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    1. Sash or drapery with some dash...
      I'll take your word for it, though I couldn't clearly visualize. I think of Nancy Mitford's letters from Paris and descriptions of her young visitors: a much sharper line I think. But perhaps that was her friends. (She was also always saying how dowdy the English visitors were..)

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  6. I have read this long ago, I think, Moira, but it clearly did not make a great impact, as I don't remember much about it. These do seem rather tiresome people so - yes - I am going to regard this as something you've read so that I don't have to. I realise that I have been less forgiving of bad mothers in fiction, since I became a mother myself!

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    1. I thought I would like it more: but then I also don't like Vita Sackville-West's All Passion Spent, another look at the thoughts and feelings of older women. I WANT to like them! I will keep searching for older-women books - Sylvia Townsend Warner is good...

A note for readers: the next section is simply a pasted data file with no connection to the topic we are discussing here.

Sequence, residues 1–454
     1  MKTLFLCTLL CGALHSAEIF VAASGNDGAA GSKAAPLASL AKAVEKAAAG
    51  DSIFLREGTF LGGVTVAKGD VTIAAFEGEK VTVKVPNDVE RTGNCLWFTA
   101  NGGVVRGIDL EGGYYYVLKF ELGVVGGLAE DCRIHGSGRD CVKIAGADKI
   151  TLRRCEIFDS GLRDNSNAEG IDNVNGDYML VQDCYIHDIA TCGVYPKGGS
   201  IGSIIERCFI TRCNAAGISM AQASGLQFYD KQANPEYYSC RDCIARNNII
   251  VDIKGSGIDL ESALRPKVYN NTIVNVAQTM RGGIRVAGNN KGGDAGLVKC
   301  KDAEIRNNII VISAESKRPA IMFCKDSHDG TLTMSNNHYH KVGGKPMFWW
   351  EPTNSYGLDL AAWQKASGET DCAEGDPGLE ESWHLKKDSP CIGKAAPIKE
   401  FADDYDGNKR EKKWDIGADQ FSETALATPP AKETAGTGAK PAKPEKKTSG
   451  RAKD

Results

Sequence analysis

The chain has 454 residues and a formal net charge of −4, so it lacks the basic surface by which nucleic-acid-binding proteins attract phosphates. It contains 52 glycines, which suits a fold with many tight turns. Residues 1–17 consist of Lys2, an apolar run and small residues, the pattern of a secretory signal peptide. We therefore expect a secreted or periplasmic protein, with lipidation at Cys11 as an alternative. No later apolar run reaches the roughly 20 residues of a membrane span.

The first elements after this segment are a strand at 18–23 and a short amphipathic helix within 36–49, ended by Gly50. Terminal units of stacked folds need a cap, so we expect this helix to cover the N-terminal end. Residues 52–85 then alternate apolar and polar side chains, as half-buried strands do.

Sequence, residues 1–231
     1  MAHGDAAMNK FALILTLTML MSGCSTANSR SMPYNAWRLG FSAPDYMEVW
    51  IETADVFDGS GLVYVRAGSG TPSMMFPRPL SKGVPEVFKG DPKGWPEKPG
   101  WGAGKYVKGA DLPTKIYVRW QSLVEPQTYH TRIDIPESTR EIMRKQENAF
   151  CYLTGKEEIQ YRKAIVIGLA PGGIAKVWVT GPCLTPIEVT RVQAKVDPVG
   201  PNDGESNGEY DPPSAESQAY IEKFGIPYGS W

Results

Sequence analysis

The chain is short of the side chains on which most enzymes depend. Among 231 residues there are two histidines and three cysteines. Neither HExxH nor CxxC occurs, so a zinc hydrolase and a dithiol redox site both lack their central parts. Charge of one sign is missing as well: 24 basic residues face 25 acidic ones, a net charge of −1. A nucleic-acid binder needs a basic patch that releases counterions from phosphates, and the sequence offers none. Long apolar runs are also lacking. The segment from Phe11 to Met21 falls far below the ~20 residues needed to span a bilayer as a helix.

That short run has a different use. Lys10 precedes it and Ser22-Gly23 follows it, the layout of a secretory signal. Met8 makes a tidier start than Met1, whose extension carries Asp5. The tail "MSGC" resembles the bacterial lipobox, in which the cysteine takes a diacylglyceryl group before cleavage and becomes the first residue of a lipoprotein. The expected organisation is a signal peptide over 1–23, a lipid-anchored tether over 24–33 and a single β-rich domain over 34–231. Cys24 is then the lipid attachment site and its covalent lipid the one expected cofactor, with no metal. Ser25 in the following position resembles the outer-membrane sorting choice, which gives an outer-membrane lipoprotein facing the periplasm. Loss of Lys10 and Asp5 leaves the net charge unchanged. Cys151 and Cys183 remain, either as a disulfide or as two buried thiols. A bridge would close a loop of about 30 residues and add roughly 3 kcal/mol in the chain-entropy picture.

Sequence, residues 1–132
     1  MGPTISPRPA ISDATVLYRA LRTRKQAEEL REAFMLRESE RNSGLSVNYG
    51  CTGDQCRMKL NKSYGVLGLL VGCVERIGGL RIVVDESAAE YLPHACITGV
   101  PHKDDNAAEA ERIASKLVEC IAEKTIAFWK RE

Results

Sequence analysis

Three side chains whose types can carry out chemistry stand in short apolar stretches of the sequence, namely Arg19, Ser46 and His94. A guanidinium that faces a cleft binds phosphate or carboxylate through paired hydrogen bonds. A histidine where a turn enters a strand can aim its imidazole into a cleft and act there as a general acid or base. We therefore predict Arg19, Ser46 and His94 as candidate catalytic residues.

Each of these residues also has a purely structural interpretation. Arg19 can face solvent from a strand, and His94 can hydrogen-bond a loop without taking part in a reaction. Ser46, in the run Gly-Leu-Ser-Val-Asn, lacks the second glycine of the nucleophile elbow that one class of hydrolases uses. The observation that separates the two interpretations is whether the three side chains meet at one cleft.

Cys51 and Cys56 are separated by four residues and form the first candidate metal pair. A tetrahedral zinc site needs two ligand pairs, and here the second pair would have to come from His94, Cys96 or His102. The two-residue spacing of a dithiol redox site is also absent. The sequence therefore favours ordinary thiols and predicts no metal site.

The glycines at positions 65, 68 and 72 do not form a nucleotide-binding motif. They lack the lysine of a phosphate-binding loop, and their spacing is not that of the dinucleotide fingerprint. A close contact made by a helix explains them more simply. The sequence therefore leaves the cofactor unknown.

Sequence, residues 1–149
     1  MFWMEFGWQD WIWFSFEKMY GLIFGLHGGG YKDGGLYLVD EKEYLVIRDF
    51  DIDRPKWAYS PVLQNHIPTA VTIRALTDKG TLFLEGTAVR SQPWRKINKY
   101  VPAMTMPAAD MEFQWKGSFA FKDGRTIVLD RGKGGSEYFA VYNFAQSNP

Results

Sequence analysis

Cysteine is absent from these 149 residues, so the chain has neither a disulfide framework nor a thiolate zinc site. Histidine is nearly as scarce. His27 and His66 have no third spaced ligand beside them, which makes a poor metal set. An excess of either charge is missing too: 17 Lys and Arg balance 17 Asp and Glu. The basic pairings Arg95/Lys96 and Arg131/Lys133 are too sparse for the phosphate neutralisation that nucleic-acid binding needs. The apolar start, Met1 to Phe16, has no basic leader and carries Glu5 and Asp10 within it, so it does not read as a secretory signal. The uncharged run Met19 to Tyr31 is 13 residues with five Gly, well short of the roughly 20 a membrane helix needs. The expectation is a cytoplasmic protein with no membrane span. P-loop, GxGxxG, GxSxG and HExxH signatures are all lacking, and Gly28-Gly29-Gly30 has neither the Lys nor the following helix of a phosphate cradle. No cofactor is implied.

And yes, I know what you mean about motherhood: you would think you would be more sympathetic, but I agree: NO.

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  7. Hello, Moira! The passage you reproduced wasn't exactly smooth reading, so I can imagine how "National Velvet" must read. "Tripping the reader up" is a nice way of putting it. I suppose every writer has a unique style, as with Enid Bagnold in this case, a sort of literary identity.

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    1. Prashant! Lovely to hear from you. Yes, her style is unique, and maybe other people like it more. At least it is distinctive, I think I could identify her from it.. .